My Grandpa Ted was one-of-a-kind, if ever the term had a definition. He could be crotchety and stubborn, yet simultaneously hilarious and extremely artistic. For a poor Polish kid who didn’t graduate high school until he was 67 years old, he was incredibly bright, talented, and had a unique way with words. He was the Studniarz Family poet laureate, writing poems for every birthday, graduation, wedding, you name it. As a member of the Greatest Generation and having spent time in the Merchant Marines, he wrote a memoir called But We Won It Anyway. I still laugh out loud when I read it, not simply because I know the main “character” in the book, but because he was such a comedian. Probably best known as a one-man band, I wonder if there was an instrument he couldn’t play. He left behind multiple keyboards, harmonicas, books of music he’d both played and written, even a gig he’d lined up. At 89 years old, he was still playing gigs! Man, how it used to annoy my dad when he’d find out Grandpa had gone down to Arrowhead Music to buy a new keyboard…not because of the expense but because that meant he drove there himself. And if there was one instrument he couldn’t play well, it was a car. He was a terrible driver. Grandpa, I’m sorry if you’re reading this from heaven, but now you know! While I was never quite the natural musician he was, I will always cherish the keyboard lessons he gave me as a kid. He happily let me choose Billy Joel over his 1940s favorites even though it probably sounded like noise, especially the way I played. The sheets of music I kept with his notes in them are now more precious than gold.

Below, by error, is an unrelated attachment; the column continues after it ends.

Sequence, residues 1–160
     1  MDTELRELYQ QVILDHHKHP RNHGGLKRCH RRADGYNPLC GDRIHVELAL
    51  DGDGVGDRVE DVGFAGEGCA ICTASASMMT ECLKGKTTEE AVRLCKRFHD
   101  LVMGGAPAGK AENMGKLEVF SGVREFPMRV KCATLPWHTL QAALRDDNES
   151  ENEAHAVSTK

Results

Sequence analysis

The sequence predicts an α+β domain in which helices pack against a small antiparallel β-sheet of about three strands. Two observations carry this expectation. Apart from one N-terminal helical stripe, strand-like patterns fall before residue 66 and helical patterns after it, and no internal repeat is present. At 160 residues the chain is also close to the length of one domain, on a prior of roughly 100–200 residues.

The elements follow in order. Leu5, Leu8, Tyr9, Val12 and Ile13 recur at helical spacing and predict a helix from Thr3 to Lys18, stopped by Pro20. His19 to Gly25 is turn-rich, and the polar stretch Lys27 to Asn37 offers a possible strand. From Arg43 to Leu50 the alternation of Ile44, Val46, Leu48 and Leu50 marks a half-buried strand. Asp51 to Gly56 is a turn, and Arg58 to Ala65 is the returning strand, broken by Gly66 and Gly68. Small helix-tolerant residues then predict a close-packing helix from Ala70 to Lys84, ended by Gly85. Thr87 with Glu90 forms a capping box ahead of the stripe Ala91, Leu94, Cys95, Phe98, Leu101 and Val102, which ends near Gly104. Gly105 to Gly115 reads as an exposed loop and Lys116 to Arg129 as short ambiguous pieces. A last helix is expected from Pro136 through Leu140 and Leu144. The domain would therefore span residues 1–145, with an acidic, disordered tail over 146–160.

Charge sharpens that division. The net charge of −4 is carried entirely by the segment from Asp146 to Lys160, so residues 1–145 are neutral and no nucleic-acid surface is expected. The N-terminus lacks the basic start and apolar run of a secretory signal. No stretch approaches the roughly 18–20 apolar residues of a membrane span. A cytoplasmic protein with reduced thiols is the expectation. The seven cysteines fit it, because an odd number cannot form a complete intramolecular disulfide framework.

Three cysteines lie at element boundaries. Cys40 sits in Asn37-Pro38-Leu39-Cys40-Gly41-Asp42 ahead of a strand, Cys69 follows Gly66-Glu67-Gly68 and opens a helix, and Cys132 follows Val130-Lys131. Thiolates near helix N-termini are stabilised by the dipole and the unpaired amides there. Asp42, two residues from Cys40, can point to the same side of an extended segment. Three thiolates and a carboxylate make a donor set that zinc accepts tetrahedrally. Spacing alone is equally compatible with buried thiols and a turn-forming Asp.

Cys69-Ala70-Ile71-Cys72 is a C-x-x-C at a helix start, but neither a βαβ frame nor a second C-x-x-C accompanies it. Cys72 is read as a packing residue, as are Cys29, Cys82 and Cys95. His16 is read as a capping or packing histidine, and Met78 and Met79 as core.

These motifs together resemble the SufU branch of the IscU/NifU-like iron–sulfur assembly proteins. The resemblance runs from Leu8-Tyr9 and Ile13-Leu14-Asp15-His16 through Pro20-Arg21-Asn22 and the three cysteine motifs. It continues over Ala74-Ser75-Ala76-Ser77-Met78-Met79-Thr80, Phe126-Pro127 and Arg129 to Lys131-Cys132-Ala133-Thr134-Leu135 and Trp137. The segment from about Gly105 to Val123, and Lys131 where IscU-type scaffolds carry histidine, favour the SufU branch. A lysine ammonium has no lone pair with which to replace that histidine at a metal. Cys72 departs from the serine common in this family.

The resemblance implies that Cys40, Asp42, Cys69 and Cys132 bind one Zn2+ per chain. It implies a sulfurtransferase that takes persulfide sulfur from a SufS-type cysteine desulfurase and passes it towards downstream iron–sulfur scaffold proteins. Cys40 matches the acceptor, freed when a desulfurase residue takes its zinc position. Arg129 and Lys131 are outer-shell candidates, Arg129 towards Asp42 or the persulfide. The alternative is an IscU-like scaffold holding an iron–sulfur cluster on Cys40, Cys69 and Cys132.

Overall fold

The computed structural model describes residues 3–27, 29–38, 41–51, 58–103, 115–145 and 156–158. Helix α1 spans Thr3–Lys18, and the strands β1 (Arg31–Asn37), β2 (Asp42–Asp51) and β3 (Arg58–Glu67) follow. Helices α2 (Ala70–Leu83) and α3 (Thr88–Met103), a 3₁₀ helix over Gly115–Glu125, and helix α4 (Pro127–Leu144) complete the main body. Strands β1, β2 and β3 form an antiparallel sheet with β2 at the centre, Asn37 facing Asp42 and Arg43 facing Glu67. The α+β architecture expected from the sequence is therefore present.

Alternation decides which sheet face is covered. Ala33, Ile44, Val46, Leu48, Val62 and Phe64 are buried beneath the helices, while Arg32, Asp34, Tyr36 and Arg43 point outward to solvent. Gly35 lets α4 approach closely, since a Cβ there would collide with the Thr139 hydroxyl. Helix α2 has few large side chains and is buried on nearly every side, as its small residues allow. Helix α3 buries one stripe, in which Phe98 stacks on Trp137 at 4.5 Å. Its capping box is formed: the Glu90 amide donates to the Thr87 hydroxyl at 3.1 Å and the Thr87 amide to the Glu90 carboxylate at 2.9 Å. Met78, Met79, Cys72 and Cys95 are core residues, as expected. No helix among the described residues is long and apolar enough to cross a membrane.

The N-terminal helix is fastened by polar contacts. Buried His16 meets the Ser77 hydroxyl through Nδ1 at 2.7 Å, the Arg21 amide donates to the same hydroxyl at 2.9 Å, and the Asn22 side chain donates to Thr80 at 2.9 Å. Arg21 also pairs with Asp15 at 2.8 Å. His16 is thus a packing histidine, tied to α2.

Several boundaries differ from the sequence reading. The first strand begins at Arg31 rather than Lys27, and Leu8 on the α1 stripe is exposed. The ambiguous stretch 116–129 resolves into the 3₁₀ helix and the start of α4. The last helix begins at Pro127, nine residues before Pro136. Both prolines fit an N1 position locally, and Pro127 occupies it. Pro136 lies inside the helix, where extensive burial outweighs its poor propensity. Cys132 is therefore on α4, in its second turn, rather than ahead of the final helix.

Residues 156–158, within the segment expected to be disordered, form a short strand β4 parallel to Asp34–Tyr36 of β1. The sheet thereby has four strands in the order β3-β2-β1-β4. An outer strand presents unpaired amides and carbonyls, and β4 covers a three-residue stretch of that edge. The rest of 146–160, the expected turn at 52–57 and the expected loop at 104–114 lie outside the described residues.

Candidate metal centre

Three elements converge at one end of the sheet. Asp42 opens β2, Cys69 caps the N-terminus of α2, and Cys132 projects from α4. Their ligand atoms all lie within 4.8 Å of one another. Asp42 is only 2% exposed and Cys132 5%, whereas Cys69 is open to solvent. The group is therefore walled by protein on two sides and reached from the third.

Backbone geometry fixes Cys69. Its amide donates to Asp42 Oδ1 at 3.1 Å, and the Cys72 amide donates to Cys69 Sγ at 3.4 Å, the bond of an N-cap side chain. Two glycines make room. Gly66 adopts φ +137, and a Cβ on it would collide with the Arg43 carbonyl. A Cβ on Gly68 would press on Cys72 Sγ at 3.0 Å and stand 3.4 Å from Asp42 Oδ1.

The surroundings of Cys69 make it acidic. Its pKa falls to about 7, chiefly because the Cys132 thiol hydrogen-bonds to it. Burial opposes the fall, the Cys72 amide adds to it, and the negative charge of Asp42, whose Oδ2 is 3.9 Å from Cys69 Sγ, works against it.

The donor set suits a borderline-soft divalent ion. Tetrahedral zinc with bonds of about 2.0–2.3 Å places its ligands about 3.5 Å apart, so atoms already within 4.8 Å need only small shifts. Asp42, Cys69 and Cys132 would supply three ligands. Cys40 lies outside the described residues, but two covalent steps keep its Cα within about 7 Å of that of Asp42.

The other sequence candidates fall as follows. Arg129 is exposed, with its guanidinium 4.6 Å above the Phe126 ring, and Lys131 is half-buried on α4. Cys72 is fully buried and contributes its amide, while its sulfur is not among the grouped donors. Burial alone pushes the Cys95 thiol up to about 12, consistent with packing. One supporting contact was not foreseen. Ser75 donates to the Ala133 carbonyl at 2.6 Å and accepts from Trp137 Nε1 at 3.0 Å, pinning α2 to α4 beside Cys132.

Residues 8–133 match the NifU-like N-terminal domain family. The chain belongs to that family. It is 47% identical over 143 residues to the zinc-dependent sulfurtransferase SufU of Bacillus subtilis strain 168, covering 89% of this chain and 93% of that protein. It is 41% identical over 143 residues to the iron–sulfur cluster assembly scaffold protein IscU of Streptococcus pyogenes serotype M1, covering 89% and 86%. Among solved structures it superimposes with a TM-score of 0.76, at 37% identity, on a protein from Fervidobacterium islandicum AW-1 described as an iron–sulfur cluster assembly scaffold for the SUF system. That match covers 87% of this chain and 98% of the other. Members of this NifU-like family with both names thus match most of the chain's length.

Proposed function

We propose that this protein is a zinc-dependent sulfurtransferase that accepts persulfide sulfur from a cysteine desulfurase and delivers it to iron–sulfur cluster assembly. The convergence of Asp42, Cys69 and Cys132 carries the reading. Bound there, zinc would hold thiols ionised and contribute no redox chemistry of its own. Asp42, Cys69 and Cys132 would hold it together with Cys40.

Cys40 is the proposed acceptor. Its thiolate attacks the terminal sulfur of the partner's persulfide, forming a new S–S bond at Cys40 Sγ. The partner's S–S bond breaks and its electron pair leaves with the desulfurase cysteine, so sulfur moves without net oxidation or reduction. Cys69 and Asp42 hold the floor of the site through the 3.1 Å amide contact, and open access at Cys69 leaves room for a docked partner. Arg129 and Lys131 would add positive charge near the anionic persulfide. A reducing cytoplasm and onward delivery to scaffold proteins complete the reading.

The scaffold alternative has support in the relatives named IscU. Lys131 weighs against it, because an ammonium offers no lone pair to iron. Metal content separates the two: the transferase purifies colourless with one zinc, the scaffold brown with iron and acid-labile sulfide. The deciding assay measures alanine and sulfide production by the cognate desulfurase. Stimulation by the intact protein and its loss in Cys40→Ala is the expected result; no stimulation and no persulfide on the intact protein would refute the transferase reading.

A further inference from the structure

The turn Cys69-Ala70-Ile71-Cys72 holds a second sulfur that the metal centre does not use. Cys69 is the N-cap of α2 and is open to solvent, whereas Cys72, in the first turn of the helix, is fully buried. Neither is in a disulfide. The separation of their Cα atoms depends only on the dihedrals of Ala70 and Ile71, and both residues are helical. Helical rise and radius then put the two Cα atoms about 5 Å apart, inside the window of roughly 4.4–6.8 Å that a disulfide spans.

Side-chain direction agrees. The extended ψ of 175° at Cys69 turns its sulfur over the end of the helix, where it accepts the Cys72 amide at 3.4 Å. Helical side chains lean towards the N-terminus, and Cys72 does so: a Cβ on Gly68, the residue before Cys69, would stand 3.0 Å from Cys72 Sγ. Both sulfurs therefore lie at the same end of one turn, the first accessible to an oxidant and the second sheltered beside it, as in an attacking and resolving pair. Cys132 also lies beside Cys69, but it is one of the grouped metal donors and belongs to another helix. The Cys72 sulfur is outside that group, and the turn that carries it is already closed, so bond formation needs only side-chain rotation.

As poetry goes, on paper and in life, he passed peacefully, right where he would have wanted — in his music room. We had all seen him just two days before, and everyone commented on how great he looked, especially since he was about to turn 90 in January. But there wasn’t a person who came to pay their respects that didn’t agree it was the absolute best way to leave this earth. To be that age and yet still surprise people that you’ve passed. To be in the middle of your daily routine, doing everything you love to do, and just sort of…stop.